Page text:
I know that any blogger worth their day in the sun should be expressing a view about the Israel/Lebanon conflict, and/or Iraq and/or Iran, and I have tremendous admiration for my co-bloggers in their attempts to understand and come to terms with the complexities of these situations. But I am an amateur: the motivations of the people involved in these conflicts is so far from my experience and comprehension as to leave me without firm grip.
The difficulties came home to me on my first visit to Israel about 8 years ago, I suppose. Tel Aviv seemed like a rather frantic version of many southern European cities, but Jerusalem, especially the old city, was beyond comparison. It was astonishing to see Welsh Baptists, in their sensible shoes and coats, dragging a large wooden cross up the via Dolorosa, under the eyes of the Arab traders who had seen it a thousand times before. Muslims, Christians, Jews and Armenians (I never understood what they were doing there) live uneasily side-by-side in the Old City. This I took, wrongly no doubt, as embodying a spirit of toleration, or at least modus vivendi, which, I imagined could be captured and developed to bring peace to the region.
However the naivety of this thought became clearer on my route home. I took a sharoot – a cheap minibus taxi – to the airport, and it wound its way around the suburbs picking up passengers. After a while we hit the desert, but then drove into some sort of Israeli settlement to pick up another passenger. I don’t know what the settlement was called, but it was secured at its one entrance point by armed guards. On being allowed through the gate, we entered what looked like a modern housing estate, although everyone living there, including the children, were dressed in ultra-orthodox clothing. It was a hot day, but still the little children were wearing heavy frock-coats and dresses to play on the swings, which they did with great gusto. What left the deepest impression on me, though, was the fact that in every car we passed the glass in their windscreens had been replaced with a strong wire mesh, presumably in the expectation that a stoning was in prospect on venturing beyond the security gate.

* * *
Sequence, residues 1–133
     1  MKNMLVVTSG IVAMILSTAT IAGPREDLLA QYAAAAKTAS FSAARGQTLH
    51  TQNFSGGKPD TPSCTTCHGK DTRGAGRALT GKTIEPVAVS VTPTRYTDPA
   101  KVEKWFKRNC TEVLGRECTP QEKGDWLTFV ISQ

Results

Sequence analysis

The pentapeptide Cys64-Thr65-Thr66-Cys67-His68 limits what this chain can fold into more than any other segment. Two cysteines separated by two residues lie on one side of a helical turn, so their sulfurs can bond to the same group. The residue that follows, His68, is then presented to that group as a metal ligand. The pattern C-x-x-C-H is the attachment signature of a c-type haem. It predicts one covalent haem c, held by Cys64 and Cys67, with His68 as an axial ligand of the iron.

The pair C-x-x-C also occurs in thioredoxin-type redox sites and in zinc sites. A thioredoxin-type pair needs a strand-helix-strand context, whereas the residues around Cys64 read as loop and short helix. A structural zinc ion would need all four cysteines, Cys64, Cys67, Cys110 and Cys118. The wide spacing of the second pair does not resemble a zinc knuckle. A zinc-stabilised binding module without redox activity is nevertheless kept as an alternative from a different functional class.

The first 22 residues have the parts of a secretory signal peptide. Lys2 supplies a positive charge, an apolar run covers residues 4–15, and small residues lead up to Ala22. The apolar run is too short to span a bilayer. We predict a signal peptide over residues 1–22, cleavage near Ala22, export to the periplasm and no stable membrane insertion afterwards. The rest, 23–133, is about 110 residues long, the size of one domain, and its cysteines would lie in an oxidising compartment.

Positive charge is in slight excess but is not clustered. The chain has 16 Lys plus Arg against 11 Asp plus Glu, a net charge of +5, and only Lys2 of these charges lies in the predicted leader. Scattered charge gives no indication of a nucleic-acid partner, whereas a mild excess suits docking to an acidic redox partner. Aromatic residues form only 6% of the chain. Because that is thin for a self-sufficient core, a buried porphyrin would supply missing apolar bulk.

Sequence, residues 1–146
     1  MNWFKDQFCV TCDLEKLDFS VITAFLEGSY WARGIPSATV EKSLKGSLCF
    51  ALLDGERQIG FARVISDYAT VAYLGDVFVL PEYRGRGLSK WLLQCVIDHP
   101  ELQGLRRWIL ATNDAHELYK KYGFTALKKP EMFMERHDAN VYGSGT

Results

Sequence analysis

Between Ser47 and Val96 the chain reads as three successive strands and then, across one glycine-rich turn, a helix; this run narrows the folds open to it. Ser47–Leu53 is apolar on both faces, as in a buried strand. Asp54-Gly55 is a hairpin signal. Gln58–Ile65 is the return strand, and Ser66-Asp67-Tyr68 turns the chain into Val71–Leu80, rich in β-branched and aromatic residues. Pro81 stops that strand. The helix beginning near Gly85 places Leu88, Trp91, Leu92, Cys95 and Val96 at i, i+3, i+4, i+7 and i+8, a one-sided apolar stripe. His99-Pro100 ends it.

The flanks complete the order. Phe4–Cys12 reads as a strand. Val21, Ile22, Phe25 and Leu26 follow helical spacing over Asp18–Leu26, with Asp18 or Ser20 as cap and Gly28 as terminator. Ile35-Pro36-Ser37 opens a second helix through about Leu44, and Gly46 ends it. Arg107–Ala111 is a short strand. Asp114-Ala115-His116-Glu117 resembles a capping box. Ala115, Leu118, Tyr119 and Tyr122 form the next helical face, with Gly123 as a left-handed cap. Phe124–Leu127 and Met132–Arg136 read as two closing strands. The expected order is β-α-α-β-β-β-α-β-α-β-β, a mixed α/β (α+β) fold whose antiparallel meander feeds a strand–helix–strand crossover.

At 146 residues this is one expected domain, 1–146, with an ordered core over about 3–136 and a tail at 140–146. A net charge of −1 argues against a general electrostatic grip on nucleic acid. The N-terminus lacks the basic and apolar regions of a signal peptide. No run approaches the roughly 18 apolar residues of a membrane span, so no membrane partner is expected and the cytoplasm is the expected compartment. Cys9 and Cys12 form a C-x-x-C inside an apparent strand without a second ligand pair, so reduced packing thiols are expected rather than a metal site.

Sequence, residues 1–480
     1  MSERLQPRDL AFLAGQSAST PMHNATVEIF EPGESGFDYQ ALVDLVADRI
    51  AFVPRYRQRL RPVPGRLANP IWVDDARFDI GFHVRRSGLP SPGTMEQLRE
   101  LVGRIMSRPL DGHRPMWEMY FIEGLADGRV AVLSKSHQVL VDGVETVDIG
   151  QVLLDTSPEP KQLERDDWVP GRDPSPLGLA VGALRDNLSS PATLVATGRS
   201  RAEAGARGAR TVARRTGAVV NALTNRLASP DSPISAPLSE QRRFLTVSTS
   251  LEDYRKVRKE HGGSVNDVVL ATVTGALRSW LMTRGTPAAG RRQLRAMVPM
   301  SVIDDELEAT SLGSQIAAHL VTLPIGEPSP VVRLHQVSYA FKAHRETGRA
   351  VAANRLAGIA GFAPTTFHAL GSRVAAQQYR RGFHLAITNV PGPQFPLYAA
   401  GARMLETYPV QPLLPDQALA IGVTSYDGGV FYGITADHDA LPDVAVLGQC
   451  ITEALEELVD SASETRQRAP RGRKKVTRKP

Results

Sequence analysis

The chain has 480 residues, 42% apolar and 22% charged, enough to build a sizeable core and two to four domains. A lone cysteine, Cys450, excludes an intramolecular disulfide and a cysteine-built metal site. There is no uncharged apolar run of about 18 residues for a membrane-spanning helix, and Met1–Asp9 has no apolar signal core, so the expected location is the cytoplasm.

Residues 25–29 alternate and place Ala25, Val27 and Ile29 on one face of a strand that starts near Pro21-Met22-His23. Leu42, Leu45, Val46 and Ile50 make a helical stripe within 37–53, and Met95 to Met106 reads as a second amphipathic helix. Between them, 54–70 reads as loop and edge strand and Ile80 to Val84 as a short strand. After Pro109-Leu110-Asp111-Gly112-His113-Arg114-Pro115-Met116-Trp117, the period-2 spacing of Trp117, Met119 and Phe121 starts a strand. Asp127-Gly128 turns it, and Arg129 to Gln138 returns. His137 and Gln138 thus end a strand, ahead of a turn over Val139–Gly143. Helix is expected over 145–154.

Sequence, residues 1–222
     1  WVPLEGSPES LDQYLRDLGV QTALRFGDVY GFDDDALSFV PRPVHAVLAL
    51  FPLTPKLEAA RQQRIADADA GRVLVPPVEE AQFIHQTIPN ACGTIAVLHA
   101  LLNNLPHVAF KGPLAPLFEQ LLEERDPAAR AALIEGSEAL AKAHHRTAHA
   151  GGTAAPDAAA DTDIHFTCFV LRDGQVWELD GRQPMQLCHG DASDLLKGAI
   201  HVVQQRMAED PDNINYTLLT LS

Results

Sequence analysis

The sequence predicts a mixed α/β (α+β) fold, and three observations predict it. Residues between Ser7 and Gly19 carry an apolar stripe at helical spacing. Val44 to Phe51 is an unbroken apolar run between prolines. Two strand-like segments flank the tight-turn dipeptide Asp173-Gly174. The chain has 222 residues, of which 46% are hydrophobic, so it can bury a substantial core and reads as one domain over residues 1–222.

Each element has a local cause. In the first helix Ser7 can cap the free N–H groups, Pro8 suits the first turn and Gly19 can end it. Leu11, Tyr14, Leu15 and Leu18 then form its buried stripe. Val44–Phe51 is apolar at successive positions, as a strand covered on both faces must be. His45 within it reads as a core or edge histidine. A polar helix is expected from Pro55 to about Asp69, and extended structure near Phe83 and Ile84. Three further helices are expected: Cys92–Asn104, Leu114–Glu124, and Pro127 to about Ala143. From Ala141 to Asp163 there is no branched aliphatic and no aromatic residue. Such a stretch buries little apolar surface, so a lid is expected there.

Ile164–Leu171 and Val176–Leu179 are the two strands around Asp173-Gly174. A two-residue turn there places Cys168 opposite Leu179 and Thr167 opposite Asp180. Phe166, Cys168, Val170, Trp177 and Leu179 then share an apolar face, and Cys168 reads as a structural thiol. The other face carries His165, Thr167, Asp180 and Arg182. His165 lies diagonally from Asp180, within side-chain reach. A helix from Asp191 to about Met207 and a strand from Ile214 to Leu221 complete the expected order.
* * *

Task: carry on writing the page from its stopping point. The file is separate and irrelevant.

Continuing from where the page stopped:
This brought home to me, with some force, that the people who had moved there, for this was obviously a recent settlement, had done so in the expectation that they would come under attack. It is not that they had formed an attachment to a particular place, and had decided that, in changing circumstances, to make the best of it. Rather they had made a deliberate choice to move, and bring their families, to a place where they would be physically attacked, rather than living in comparative safety elsewhere. Is this an act of defiance? Is it a way of testing their faith? Is it a way of declaring that life on earth is worth nothing compared to the glory to come? Could it be that some people seek conflict as part of their conception of the good life? Whatever it is, and I don’t think it is confined only to the Israelis, I can barely understand it, and hence do not feel qualified to pass further comment on what could bring lasting peace to the Middle East (or indeed anywhere).